Of course Turkey is not perfect, some bad policies have cost it a great deal. There is still much that needs to change. The country needs to smooth down the rough corners and become a more powerful democracy. Democracies do not remain static, they change and grow.

To return to the Fars News Agency report, what amazed me most was that such criticism emanated from a country such as Iran, the real “lone man,” not just in the Middle East but across the world, and for so many years!

It has always played the nuclear card, not just against the West, but even against its Arab neighbors. It has incited division between Shi’ites and Sunnis rather than encouraging Islamic unity. It has always used the threat of the PKK and Hezbollah, even against friendly countries like Turkey. It has supported Shi’ite radicalism against Sunni radicalism.

The “unloved Iran” that has problems with almost all its neighbors–apart from Assad and Lebanon–and across most of the world, with the exception of a few communist regimes such as North Korea. Iran has been isolated for years.

Even its own people are not happy in their own land. Many people in a country rich with oil and gas, are living in poverty. Inflation for June was a staggering 106 percent.

Disparities in income, trade embargoes, corruption, bribery and nepotism, have made its people’s lives difficult. While the elite from the time of the Shah are uneasy about being marginalized, the powerful radicals are becoming ever more radical and the communists are becoming stronger by the day. The people of Iran are deeply unhappy.

Iran is the lone man because it is a country whose foreign policy relies largely of making threats and demonstrating rage, not because like Turkey, it does what is ethically and morally right.

If it is to be loved again, Iran needs unity not division. Iran, the lone man, needs to be conciliatory instead of a country that invests all it has in nuclear programs. It needs friends, not enemies.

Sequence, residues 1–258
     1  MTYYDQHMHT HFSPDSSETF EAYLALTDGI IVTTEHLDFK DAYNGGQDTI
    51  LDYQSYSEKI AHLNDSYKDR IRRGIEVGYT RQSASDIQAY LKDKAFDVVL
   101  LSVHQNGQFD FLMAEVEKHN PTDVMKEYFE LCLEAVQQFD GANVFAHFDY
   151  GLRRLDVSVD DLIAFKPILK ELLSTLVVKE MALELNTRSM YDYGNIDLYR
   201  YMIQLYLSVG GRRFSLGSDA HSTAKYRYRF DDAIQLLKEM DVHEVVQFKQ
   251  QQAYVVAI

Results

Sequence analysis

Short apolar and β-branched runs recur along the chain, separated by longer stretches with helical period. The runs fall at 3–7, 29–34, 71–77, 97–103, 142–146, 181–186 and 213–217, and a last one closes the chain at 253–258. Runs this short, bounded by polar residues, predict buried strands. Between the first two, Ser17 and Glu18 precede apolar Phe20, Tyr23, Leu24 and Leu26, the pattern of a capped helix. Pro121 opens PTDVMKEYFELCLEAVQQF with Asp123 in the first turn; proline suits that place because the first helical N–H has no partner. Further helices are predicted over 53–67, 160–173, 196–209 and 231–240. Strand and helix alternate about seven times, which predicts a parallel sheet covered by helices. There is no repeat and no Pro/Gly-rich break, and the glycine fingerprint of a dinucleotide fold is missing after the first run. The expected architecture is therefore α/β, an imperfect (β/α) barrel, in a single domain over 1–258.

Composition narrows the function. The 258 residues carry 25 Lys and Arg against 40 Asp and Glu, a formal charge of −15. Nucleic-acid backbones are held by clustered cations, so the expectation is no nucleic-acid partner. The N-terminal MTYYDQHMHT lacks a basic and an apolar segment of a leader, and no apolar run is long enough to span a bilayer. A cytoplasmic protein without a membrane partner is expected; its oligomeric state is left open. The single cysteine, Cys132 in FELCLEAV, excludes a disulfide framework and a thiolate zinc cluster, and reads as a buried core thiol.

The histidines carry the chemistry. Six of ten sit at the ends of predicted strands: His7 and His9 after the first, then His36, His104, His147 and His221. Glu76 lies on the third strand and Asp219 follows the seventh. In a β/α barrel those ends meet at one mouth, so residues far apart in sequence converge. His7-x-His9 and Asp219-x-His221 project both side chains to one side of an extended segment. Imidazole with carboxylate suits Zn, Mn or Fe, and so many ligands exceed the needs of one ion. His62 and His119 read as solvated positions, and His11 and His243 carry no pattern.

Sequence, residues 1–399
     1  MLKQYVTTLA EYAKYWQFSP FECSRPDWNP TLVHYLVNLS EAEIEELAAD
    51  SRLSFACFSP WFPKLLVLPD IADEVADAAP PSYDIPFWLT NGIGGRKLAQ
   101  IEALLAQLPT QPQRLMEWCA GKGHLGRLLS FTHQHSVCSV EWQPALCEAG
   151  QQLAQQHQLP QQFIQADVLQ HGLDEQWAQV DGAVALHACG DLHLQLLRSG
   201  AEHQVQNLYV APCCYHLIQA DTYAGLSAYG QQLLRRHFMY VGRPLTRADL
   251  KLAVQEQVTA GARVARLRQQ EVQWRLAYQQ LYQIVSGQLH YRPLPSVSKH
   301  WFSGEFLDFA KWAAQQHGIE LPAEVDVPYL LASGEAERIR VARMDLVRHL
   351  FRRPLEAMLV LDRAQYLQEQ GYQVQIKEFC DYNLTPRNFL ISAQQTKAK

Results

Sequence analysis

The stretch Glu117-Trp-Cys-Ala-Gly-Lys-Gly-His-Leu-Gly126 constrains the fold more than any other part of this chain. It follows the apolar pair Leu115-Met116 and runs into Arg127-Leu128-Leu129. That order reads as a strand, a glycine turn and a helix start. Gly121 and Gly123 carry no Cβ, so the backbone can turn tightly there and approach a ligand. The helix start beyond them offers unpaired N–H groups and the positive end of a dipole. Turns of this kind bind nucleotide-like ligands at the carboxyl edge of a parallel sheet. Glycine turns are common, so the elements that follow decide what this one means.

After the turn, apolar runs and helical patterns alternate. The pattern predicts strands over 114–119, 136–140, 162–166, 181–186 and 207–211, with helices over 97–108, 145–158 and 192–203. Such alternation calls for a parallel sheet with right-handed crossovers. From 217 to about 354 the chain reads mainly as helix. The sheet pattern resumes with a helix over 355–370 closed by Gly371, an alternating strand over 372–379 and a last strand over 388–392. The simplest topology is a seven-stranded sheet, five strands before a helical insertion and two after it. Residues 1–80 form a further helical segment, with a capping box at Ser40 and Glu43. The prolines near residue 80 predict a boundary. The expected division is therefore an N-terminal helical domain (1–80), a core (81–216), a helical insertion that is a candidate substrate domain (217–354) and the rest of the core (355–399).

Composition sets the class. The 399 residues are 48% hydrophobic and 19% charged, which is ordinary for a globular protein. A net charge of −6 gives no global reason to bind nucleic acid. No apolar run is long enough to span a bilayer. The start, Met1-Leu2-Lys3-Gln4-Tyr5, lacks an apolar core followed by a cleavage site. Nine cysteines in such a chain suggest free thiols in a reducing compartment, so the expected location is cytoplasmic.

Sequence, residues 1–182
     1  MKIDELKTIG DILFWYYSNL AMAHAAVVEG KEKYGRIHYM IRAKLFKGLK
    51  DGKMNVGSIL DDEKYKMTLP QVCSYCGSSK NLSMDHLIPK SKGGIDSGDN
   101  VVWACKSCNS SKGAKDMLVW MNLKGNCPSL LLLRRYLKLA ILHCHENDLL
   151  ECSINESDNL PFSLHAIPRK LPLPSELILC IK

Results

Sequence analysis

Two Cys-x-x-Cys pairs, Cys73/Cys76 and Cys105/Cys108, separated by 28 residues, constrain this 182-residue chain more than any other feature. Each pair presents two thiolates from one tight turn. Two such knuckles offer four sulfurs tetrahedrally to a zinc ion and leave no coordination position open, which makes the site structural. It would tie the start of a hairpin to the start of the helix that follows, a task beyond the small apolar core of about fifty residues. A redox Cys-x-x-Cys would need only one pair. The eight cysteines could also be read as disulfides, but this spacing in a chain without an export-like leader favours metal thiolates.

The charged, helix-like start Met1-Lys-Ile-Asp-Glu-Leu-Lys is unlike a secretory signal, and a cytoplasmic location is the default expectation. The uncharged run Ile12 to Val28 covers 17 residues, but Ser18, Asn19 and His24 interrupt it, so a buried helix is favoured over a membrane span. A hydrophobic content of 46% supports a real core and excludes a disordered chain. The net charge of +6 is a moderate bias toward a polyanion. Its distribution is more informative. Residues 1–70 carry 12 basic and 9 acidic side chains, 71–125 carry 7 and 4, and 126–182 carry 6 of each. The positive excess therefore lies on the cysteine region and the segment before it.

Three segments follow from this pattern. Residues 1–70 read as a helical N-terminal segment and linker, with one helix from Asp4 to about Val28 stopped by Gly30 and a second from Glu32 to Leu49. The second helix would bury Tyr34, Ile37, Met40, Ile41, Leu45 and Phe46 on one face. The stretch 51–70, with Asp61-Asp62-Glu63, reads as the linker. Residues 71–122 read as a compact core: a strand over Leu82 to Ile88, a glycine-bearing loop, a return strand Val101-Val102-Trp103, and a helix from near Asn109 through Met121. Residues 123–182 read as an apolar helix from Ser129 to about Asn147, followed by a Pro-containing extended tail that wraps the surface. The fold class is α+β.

During his swearing-in, the words of new President Hassan Rouhani’s were striking: “The key word is moderation. Moderation does not mean renouncing religious values, nor does it mean extreme conservatism. It means being on one’s guard against extremes. Change requires moderation.”

These words are reason for hope. Perhaps we will see a change in Iran’s angry face from now on. Maybe Iran will be a party that calls on the Islamic world to unite rather than split. Maybe it will be a country that brings Shi’ites and Sunnis together, rather than inciting them against one another.

And maybe Iran will be a country that works to eradicate radicalism and all perverse ways of thinking.

Maybe that reform will make the country loved instead of unloved, and the people of Iran will be not only happy, but free.

Iran is a strong country, it can do it. It would be great to be friends with such a country!

Aylin Kocaman

Aylin Kocaman

Aylin Kocaman is the host of the TV "Building Bridges," and a columnist for Al-Ahram, Al-Awsat, and Haberhilal, and an interfaith peace activist. She is based in Istanbul. Follow her on Twitter at @aylin_kocaman